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How to clean an electric toothbrush: Everything you need to know to keep yours clean and bacteria-free

how to clean an electric toothbrush lead image of an oral b toothbrush on a wooden countertop

Cleaning your electric toothbrush properly is just as important for good oral health as brushing. Here’s how to get it right

Dentists recommend using an electric toothbrush to help keep our teeth healthy, clean and free of plaque. But while you’re busy taking care of your teeth with the best electric toothbrushes, have you ever stopped to think about how to take care of the toothbrush itself?

Unlike manual versions, electric toothbrushes are designed to last for years. So knowing how to clean them properly is vital.

What is an electric toothbrush?

Electric toothbrushes use rechargeable batteries to allow the bristles to oscillate and clean your teeth. There are two main types – with the most common having small, round heads that oscillate at high speed, rotating either back and forth or alternating between a clockwise and anticlockwise direction.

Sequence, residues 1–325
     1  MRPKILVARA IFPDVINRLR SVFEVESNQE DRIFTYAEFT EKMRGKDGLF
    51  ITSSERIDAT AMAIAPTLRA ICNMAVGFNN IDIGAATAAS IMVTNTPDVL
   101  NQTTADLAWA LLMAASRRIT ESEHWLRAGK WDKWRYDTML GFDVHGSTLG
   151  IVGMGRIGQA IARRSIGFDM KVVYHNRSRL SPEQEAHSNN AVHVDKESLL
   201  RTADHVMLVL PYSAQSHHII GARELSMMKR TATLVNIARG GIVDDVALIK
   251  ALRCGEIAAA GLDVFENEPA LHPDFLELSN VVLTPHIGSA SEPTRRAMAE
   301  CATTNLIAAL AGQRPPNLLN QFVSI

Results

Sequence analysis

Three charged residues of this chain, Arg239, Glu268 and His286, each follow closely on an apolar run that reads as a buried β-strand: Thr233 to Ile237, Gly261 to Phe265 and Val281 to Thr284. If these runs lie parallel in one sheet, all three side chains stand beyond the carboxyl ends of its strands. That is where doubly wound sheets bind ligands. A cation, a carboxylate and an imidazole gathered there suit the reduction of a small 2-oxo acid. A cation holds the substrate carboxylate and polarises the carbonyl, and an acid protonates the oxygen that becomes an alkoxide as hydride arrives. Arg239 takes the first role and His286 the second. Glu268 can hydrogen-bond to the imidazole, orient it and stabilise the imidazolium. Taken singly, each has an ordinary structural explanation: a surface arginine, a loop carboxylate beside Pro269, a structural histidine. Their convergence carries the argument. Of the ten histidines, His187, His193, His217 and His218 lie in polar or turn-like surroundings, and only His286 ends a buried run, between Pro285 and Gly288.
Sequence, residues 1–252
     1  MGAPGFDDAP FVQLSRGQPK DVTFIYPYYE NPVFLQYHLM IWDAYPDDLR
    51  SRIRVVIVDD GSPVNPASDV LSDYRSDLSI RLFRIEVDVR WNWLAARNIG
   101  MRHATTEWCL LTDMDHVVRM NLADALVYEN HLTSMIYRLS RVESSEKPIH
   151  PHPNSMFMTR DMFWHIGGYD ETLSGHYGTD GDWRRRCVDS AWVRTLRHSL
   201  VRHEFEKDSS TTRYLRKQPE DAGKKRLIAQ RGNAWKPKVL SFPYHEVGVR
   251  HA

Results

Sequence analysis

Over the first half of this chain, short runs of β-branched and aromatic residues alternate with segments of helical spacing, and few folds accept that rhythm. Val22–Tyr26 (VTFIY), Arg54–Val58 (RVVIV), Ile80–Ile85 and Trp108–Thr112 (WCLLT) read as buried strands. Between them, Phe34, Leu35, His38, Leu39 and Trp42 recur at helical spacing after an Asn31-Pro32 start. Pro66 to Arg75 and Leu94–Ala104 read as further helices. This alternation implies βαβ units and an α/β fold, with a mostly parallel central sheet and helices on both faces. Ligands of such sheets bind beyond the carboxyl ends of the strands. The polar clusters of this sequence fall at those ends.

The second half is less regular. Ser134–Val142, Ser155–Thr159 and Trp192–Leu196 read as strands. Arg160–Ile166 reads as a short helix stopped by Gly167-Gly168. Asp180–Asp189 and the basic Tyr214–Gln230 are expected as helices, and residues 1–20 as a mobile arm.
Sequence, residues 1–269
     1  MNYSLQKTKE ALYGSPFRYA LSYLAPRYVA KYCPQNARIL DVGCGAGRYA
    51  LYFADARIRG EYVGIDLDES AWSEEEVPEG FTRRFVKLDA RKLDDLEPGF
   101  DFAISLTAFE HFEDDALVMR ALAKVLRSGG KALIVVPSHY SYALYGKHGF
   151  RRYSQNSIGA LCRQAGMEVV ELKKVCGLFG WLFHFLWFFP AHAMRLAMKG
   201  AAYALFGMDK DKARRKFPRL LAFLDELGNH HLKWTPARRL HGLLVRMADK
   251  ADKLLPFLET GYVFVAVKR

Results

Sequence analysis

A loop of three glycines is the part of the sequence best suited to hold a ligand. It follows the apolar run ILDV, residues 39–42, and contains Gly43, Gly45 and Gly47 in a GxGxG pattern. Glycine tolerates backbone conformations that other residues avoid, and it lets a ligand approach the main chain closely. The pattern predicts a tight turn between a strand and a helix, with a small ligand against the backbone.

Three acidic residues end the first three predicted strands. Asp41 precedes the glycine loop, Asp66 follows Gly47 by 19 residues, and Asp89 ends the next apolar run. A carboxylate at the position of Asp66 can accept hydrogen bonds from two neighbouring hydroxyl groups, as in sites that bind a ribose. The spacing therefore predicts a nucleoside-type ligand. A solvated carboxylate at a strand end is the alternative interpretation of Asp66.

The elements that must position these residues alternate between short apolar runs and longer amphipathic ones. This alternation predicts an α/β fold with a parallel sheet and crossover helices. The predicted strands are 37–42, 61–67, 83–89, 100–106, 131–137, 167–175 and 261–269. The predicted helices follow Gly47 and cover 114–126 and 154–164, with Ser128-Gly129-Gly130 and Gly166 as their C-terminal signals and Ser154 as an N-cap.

The other type of electric toothbrush is a sonic or ultrasonic brush with heads that vibrate very quickly at frequencies that break up plaque and force toothpaste between the teeth for a deeper clean. Electric toothbrushes sit on their chargers when not in use, with power usually being provided by a shaving socket in the bathroom. Modern batteries can provide two to four weeks of brushing between charges.

Why should you clean your electric toothbrush?

“Electric toothbrushes are an excellent way to maintain your oral health but it’s important that they stay clean and bacteria-free,” explains Oral-B’s dentist Dr Vikas Prinja. The germs you can’t see on your toothbrush are the ones you need to be dealing with. Our mouths are full of microscopic bacteria and when we remove this from our teeth, gums and tongue, it gets transferred to our toothbrushes. This is why it’s so important to clean your electric toothbrush as well as your mouth. (Please note: make sure to unplug it from any charger before cleaning.)

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Daily cleaning tips for your electric toothbrush

“After brushing your teeth, immediately rinse your brush under warm water for 5-6 seconds with the head on,” recommends Dr Prinja. “Then decouple the toothbrush head from the toothbrush and rinse each part separately, making sure to rinse the undersides. If there’s a lot of residue, it’s okay to use a mild detergent or cleanser on the outside of the handle.”